Peer review is the principal mechanism by which the quality of research is judged. Most funding decisions in science and the academic advancement of scientists are based on peer-reviewed publications. Because the number of scientific articles published each year continues to grow, the quality of the peer-review process and the quality of the editorial board are cited as primary influences on a journal’s reputation, Journal Impact Factor (JIF), and standing in the field. Scientific journals publishing peer-reviewed articles depend heavily on the scientific referees or reviewers who typically volunteer their time and expertise. In most circumstances, at least two reviewers are solicited to evaluate a manuscript; some journals request three or more reviews. This may be required in situations where review by a statistician is needed. In cases of controversy or strong disagreement regarding the merits of the work, an additional review may also be solicited or one of the journal’s editors might give an evaluation. More than three reviewers are sometimes used if reviewers from several fields are needed to obtain a thorough evaluation of a paper. In addition to fairness in judgment and expertise in the field, reviewers have significant responsibilities toward authors, editors, and readers.
Reviewer responsibilities toward authors
- Providing written, unbiased, constructive feedback in a timely manner on the scholarly merits and the scientific value of the work, together with the documented basis for the reviewer’s opinion
- Indicating whether the writing is clear, concise, and relevant and rating the work’s composition, scientific accuracy, originality, and interest to the journal’s readers
- Avoiding personal comments or criticism
- Maintaining the confidentiality of the review process: not sharing, discussing with third parties, or disclosing information from the reviewed paper
- Notifying the editor immediately if unable to review in a timely manner and, if able, providing the names of alternative reviewers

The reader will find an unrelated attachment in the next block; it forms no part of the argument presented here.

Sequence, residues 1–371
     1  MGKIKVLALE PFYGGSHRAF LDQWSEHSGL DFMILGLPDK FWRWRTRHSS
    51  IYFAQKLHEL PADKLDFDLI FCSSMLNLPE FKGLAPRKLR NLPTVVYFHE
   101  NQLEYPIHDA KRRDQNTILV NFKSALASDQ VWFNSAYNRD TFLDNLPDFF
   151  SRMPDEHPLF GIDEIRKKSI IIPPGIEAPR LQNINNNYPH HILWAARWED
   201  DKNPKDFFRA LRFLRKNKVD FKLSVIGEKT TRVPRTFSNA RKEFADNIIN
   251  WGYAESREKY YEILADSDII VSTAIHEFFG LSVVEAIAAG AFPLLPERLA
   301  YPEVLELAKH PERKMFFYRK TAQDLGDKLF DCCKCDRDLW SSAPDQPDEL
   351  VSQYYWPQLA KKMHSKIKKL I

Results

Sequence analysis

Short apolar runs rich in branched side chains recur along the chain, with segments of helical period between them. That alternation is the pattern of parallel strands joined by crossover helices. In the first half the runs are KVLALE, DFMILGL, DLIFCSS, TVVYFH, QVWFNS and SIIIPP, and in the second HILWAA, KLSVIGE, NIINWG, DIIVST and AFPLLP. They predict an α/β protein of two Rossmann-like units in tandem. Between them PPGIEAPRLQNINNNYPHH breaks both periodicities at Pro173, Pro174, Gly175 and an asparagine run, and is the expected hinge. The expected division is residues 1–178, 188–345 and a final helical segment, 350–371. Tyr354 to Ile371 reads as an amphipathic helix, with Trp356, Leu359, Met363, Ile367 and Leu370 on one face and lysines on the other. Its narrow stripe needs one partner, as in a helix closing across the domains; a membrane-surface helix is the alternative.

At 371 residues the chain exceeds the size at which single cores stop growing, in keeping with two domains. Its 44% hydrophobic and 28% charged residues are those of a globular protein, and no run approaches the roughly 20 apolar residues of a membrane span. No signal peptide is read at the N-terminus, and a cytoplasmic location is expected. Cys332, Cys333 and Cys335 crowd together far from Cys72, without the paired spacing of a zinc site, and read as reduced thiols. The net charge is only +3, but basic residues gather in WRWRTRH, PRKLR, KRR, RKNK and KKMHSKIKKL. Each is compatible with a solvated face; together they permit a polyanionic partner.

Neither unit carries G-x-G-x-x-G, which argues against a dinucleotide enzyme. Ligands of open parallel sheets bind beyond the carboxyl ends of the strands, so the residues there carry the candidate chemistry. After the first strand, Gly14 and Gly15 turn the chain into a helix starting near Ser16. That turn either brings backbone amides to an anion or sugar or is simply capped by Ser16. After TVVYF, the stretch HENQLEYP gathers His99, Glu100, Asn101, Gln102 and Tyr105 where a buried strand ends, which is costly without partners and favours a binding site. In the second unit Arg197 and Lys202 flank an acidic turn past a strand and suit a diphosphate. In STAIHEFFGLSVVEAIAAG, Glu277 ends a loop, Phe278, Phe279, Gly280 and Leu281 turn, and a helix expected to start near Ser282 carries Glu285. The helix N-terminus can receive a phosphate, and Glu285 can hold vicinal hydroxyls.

- Alerting the editor about any potential personal, financial or perceived conflict of interest and declining to review when a conflict exists (see section 2.3.2)
- Complying with the editor’s written instructions on the journal’s expectations for the scope, content, and quality of the review
- Providing a thoughtful, fair, constructive, and informative critique of the submitted work, which may include supplementary material provided to the journal by the author
- Determining scientific merit, originality, and scope of the work; indicating ways to improve it; and, if requested, recommending acceptance or rejection using whatever rating scale the editor deems most useful
- Noting any ethical concerns, such as any violation of accepted norms of ethical treatment of animal or human subjects or substantial similarity between the reviewed manuscript and any published paper or any manuscript concurrently submitted to another journal that may be known to the reviewer
- Refraining from direct author contact
Sample correspondence related to this topic is available on the CSE website.5
Reviewer responsibilities toward readers
- Ensuring that the methods and analysis are adequately detailed to allow the reader to judge the scientific merit of the study design and be able to replicate the study
- Ensuring that the article cites all relevant work by other scientists
Editors, frequently with the assistance of electronic databases of reviewers kept by their journal’s offices, choose reviewers whose expertise most closely matches the manuscript’s topic and invite them to review the paper. The editors also consider the number of manuscripts sent to a reviewer by their journal so as not to overburden any one expert. Editors are encouraged to consider a diversity when selecting from a pool of potential reviewers. Some journals encourage authors to suggest preferred reviewers and reviewers they would prefer to be excluded. Ideally, the reviewer selection process and the journal’s internal policies address the issue of potential bias by excluding reviewers from the same department or institution as that of the author(s) and by asking reviewers to disclose any potential conflict of interest. Reviewers may also be asked to decline the review if they have any personal or professional connection to the author(s) that may be perceived as a conflict of interest, they feel unqualified to do the review, or they cannot review in a timely manner. This “bias screening” at the point of reviewer selection may be incorporated into the forms in an online submission system, the email sent to request the review, or posted on the journal site as a policy.